If on a Winter’s Night a Traveller quotes
At times I think of the subject matter of the book to be written as of something that already exists: thoughts already thought, dialogue already spoken, stories already happened, places and settings seen; the book should be simply the equivalent of the unwritten world translated into writing. At other times, on the contrary, I seem to understand that between the book to be written and things that already exist there can only be a kind of complementary relationship; the book should be the written counterpart of the unwritten world; its subject should be what does not exist and cannot exist except when written; but whose absence is obscurely felt by that which exists, in its own incompleteness.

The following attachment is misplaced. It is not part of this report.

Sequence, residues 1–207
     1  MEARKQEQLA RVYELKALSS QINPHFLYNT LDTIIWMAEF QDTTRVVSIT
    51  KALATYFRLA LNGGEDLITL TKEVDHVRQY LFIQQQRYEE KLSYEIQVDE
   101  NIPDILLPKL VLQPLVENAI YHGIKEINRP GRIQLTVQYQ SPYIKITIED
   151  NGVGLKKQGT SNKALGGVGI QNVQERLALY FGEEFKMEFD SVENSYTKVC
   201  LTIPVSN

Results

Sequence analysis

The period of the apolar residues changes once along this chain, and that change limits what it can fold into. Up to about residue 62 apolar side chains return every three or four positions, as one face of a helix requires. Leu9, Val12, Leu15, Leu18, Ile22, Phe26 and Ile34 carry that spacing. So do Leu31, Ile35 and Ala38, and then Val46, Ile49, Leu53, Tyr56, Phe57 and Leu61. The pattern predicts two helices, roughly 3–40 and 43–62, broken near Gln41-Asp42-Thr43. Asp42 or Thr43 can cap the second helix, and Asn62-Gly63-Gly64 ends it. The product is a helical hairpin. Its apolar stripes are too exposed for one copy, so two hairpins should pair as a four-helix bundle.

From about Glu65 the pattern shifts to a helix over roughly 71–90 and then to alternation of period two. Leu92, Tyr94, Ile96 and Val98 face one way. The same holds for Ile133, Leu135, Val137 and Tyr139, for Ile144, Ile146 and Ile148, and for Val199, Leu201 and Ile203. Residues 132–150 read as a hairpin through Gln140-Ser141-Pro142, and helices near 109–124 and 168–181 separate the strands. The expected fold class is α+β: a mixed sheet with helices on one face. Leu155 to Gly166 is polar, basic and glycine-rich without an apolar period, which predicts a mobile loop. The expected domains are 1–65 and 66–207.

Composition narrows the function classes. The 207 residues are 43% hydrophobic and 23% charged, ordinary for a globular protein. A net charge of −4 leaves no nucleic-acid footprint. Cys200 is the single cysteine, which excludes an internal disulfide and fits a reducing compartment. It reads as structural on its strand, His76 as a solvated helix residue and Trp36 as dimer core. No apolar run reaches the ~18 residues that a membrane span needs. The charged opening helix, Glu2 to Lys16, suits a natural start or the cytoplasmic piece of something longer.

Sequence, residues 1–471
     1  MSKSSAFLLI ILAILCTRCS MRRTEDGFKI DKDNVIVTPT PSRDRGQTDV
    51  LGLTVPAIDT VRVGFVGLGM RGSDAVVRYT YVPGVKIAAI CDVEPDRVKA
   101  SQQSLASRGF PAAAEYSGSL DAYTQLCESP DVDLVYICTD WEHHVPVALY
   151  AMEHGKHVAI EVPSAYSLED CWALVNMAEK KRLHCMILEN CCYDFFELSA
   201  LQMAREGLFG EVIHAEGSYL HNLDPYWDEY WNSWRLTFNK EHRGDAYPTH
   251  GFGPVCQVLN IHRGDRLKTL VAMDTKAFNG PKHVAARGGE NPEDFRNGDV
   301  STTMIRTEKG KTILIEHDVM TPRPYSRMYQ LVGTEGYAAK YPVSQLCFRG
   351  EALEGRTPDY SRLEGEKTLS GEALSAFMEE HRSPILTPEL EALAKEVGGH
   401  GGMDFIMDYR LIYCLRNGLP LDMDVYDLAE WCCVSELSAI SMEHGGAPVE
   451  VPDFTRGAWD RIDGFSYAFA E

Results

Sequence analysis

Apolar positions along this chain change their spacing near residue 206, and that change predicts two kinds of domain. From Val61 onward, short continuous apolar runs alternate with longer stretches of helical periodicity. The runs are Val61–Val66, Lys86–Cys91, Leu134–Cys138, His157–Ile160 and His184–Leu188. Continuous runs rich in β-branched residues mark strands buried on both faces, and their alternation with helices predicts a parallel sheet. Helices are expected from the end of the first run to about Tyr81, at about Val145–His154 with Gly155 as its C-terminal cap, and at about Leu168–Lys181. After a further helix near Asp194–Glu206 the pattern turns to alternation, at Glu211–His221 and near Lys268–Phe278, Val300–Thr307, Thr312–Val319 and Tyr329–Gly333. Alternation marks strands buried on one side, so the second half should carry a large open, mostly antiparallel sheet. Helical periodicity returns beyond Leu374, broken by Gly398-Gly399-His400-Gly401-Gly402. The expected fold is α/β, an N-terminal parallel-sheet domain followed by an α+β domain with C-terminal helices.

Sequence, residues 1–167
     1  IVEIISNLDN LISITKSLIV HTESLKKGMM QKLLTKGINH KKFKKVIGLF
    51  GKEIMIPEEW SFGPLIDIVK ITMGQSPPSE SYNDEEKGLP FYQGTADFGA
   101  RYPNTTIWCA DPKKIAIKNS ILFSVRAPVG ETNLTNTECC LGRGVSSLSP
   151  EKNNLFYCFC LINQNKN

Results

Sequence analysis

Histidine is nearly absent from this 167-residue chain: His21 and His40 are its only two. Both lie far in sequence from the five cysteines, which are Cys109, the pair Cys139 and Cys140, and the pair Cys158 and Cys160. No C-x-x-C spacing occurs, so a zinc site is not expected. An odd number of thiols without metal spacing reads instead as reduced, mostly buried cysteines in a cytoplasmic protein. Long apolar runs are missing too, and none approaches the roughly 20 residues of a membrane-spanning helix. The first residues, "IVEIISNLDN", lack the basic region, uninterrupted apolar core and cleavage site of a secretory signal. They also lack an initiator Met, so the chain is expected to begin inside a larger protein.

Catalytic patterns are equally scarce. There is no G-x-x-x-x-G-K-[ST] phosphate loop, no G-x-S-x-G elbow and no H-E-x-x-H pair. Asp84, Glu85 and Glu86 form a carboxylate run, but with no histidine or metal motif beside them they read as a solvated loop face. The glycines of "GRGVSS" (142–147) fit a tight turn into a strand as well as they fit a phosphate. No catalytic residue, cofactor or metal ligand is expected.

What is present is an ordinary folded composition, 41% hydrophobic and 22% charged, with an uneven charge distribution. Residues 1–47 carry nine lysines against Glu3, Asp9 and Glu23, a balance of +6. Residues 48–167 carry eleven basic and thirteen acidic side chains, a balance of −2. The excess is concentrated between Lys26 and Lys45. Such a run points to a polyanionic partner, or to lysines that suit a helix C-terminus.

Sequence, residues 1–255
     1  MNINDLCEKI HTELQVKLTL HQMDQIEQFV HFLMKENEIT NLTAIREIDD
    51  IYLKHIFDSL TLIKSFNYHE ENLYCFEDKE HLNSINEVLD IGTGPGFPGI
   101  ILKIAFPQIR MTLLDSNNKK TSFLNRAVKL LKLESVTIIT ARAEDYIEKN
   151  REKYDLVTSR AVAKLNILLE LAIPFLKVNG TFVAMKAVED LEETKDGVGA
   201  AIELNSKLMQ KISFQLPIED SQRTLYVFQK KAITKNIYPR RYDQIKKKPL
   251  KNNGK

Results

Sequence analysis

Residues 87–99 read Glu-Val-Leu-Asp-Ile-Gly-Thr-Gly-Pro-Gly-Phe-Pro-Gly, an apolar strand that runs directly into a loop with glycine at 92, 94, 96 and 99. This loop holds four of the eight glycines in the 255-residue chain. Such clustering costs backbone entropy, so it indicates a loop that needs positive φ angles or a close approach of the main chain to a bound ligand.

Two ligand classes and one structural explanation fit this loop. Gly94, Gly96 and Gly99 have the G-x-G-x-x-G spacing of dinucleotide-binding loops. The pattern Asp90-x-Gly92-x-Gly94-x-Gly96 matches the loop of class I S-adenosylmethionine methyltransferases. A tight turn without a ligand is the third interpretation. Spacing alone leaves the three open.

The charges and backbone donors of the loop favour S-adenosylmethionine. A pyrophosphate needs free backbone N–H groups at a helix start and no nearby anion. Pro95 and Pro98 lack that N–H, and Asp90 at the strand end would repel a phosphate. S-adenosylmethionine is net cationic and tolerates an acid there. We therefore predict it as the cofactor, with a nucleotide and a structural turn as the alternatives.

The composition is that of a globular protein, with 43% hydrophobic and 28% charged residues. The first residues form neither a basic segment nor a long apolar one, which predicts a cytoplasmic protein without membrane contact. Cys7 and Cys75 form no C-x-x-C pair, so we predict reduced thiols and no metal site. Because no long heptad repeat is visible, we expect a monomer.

But if the individual truth is the only one that a book can contain, I might as well accept it and write my truth. The book of my memory? No, memory is true as long as you do not set it, as long as it is not enclosed in a form. The book of my desires? Those also are true only when their impulse acts independently of my conscious will. The only truth I can write is that of the instant I am living.
… the truth of literature consists only in the physicality of the act of writing.
—- Italo Calvino, If on a Winter’s Night a Traveller